Asenath (/ˈæsɪnæθ/, Hebrew: אָסְנַת, Modern: Osnát, Tiberian: ʾĀsenaṯ) is a minor figure in the Book of Genesis. Asenath was a high-born, aristocratic Egyptian woman. She was the wife of Joseph and the mother of his sons, Manasseh and Ephraim. Read more
Joseph has one wife, Asenath the daughter of Potiphar the priest of On, whom he marries in Egypt. She gives birth to two sons, Ephraim and Manasseh....
In the Bible, Pharaoh honors Joseph by giving him as a wife Asenath, “the daughter of Potiphera, priest from the city of On” (LXX: Heliopolis; Gen 41:45).
The Rabbis learn from Joseph's marriage to Asenath that a favorable attitude is to be exhibited to converts, who are to be drawn closer. Thus, Joseph married Asenath daughter of Poti-phera, and Joshua son of Nun, who was a chieftain of the tribe of Ephraim (Num. 13:8), would be descended from this union.
Potipherah /pɒˈtɪfərə/ was a priest of the ancient Egyptian town of On, mentioned in the Genesis 41:45 and 41:50. He was the father of Asenath, who was given to Joseph as his wife by Pharaoh, (41:45) and who bore Joseph two sons: Manasseh and Ephraim. His name means "he whom Ra has given".
James and his siblings were not children of Mary but were Joseph's children from a previous marriage. After Joseph's first wife died, many years later when he was eighty, "he took Mary (mother of Jesus)".
In another early text, The History of Joseph the Carpenter, which was composed in Egypt between the 6th and 7th centuries, Christ himself tells the story of his step-father, claiming Joseph was 90 years old when he married Mary and died at 111.
The Talmud (Sanhedrin 69b & Sotah 11b) states that Caleb, a descendant from Judah, married Miriam and fathered Hur. This is based on the Targum to I Chron. 2:19: "...and Caleb took for himself Ephrath and she bore him Hur". Ephrath was another name for Miriam.
However, according to the encyclopedia Jewish Women, there are rabbinic traditions within Judaism that pose three claims about Michal: that she was really David's favorite wife. that because of her beauty she was nicknamed "Eglah," meaning calf or calf-like.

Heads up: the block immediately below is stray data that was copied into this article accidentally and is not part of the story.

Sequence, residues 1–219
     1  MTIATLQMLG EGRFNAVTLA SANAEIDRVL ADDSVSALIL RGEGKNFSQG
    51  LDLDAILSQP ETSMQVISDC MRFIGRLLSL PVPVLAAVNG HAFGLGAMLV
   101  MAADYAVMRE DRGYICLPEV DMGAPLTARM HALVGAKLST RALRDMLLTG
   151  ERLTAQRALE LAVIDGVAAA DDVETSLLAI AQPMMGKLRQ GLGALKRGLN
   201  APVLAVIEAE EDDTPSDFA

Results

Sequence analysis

When forty years of age, Joseph married a woman called Melcha or Escha by some, Salome by others; they lived forty-nine years together and had six children, two daughters and four sons, the youngest of whom was James (the Less, "the Lord's brother").
The Mormon church has said for the first time that its founder Joseph Smith had up to 40 wives. ... The essay, entitled Plural Marriage in Kirtland and Nauvoo, said: "Joseph married many additional wives and authorised other Latter-day Saints to practise plural marriage."
No, Joseph of Nazareth was never married before Mary. And even his marriage to Mary was more an attempt to provide her and Jesus some protection from Herod and what he might do to them should he learn precisely who and where they were.
It says that out of the many wives of David in the Bible, "to her dying day Michal, daughter of Saul, had no children." An entry in Jewish Women says that some rabbis interpret this to mean that Michal died in childbirth bearing David's son, Ithream.
Abigail was David's second wife, after Saul and Ahinoam's daughter, Michal, whom Saul later married to Palti, son of Laish when David went into hiding.
and David sent someone to find out about her. The man said, "Isn't this Bathsheba, the daughter of Eliam and the wife of Uriah the Hittite?" Then David sent messengers to get her. She came to him, and he slept with her.
Rebecca (/rɪˈbɛkə/) appears in the Hebrew Bible as the wife of Isaac and the mother of Jacob and Esau. According to biblical tradition, Rebecca's father was Bethuel the Aramean from Paddan Aram, also called Aram-Naharaim.
All About Mary
At one time, Joseph was assumed to be elderly when he married Mary. However, now we believe that Mary and Joseph were both in their teens when Jesus was born, around sixteen and eighteen respectively. This was the norm for Jewish newlyweds at that time.
The circumstances of Joseph's death are not known, but it is likely that he died before Jesus's ministry began, and it is implied that he was dead before the Crucifixion (John 19:26-27).
Joseph was in prison for two years after he interpreted the dreams of the chief butler and baker (see Genesis 41:1). He was sold into slavery when he was about seventeen (see Genesis 37:2), and he was thirty years of age when he became vice-regent to the pharaoh (see Genesis 41:46).
But lust and anger are not the worst of sins, and the truly evil wife is depicted in Jezebel, the pagan wife of King Ahab of Israel. Beginning with our meeting her in 1 Kings 16:31, she shows cruelty beyond measure. Even her name is an indication of her evil.
The second youngest son of Israel , who wore a coat of many colours, had two wives, Leah and Rachael. Joseph, husband of Mary, had only one wife. He fostered Jesus, who was God's son.
So it is likely Jesus was between 12 and about 30 when Joseph died.